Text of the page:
Day 13: Wednesday (weird day)  journal  verbal and situational irony skits – rehearsal  classwork: come up w/a thesis and topic sentences for the three body paragraphs for the following interpretive essay topic: How does the conflict between the modern and the primitive play out in Lone Ranger? In other words, why does the author constantly compare and contrast the present and the past? What point is he trying to make about Native Americans today?  Homework: interpretive essay due next Tuesday (Day 17) Sample interpretive essay using “The Trial of Thomas Builds-the-Fire” Thesis: “The trial of Thomas Builds-the-Fire” is actually a metaphor that represents how the Native Aemrican version of history is suppressed b the dominant European =Americans. Background: “The Trail of Thomas Builds-the Fir’ is set in a coutroom. AS the tilte suggests, a character nemed Thoms Builds-the-Fire is on trail. Thomas Builds-the-Fire is a Native American that constantly tells stories about the past. Body 1. Thomas is constantly telling stories about Native Americans from the past; he is therefore the bearer of Native American history. By sending him to jail, the court is symbolically imprisoning the retelling of Native American history. 2. Qualchan was hung w/out trial, representing how whites (in the form of Colonel Wright) deprived him of proper justice. 3. Judge James Wright is the modern-day version of Colonel Wright, representing how European-Americans have stayed in power and dominated the interpretation of history and the determination of justice for over a century. Conclusion: Through the story, “The trial of Thomas Builds-the-Fir,” Sherman Alexie was trying to show that Europan-Americans contrl the telling of Native American history. In the past, the Indian warrior Qualchan was hugn without trial by Colonel Wright. In a present-day courtroom setting, Thomas’ recounting of history is silenced by Judge James Writ. Thus, throughout the years, Native Americans have had to stuggle to preserve their stories nad history in the face of oppression.

Day 14: Thursday  SSR  Journal checks  dramatic and situational irony skits  interpretive essays – develop intro paragraph (background, then thesis) (10 pts)  talk about the Ghost Dance  “Distances”

discussion questions: Describe the setting in detail. What happens to modern technology? What happens to nature? (20 pts)  students will search for instances in which primitive nature takes over technology. triumph of the past, and of the Native Americans.  104: white man destroyed the earth  108-9; earth comes back to life, revived by the Indians  Symbols: the watch (109) and transistor radio (109) Homework: read pages 130-144 by Monday. bring random object for extra credit. 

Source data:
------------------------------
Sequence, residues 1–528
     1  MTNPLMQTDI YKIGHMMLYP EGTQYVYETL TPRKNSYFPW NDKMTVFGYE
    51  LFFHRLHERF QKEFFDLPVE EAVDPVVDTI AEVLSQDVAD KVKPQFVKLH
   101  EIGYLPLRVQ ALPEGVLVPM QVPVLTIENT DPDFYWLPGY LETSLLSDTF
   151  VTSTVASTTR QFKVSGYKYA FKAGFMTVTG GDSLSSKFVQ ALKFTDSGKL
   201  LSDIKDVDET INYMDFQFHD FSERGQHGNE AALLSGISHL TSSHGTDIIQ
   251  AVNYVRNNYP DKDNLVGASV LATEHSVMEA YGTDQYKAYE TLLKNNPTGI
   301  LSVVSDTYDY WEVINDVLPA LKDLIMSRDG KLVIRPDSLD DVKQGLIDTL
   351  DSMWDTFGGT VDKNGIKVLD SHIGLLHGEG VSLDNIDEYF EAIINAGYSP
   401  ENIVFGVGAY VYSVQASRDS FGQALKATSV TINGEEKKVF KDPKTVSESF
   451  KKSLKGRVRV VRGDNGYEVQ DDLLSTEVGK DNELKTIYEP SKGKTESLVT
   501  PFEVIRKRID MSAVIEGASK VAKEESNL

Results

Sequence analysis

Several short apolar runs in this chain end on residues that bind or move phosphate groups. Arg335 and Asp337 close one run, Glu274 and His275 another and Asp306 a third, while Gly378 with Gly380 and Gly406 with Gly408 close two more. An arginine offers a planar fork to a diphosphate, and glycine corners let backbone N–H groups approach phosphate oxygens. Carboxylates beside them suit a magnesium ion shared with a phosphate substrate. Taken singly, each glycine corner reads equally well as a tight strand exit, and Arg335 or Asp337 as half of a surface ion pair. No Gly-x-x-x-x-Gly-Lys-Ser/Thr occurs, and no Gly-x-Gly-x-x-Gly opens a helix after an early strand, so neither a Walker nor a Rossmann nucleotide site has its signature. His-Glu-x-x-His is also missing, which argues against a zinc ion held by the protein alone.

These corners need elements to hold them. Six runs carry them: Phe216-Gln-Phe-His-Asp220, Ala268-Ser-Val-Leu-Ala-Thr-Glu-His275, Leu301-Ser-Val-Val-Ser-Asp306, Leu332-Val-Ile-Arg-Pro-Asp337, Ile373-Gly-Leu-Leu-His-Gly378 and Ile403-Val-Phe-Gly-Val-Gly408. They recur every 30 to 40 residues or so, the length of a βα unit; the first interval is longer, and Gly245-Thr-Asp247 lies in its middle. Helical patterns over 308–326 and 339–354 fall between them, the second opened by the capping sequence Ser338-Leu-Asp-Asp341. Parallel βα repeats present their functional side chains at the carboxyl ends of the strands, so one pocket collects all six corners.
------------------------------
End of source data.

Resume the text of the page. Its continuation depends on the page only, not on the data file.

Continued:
Day 15: Friday  give me your random objects & collect blind date corrections  journal  develop body paragraph  Lone Ranger skits – reading and brainstorming  Progress reports  Jesus Christ’s Half-Brother Is Alive and Well on the Spokane Indian Reservation  classwork assignment: elements of a story: setting, main characters, rising action, climax, falling action, resolution. try to find it in this story. worth an automatic 5/5 unless I catch you goofing off.  titles look like they were taking from a part of the story. there was no master storyteller that sat back and said, I am going to name this story… disconnected narrative, no attempt to connect all the elements of the story into one meaningful whole. one of the frustrations of reading his short stories is the lack of meaning to desire to invent one. no authoritative storyteller weaving the story into something meaningful.  stream of consciousness  interpretive essays – developing one body paragraph teacher models an example thesis: Trent Lott is racist. Evidence: “When Strom Thurmond ran for president, we voted for him. We’re proud of it. And if the rest of the country had followed our lead, we wouldn’t have had all these problems over all these years.” Quote or paraphrase. Context: Senator Trent Lott was at a birthday party for retired Senator Strom Thurmond. Praising Thurmond, Lott said, “ Commentary: Strom Thurmond ran for president in 1948. He is most famous for his support of segregation and opposition to civil rights for minorities. Since Lott believes that Thurmond would have been a good president, one can conclude that Lott agrees with Thurmond’s support of segregation. If Lott supports segregation, then he is a racist that opposes racial harmony and integration. Explains the deeper significance of the evidence, explain the evidence’s relevance to the thesis, and constitute a majority of the paragraph.

Week 4: Day 16: Monday absent  Lone Ranger skits

Day 17: Tuesday  progress checkups  SSR  quiz on “A Train” and “A Good Story” (20 pts). 3 pts off if handed in next period.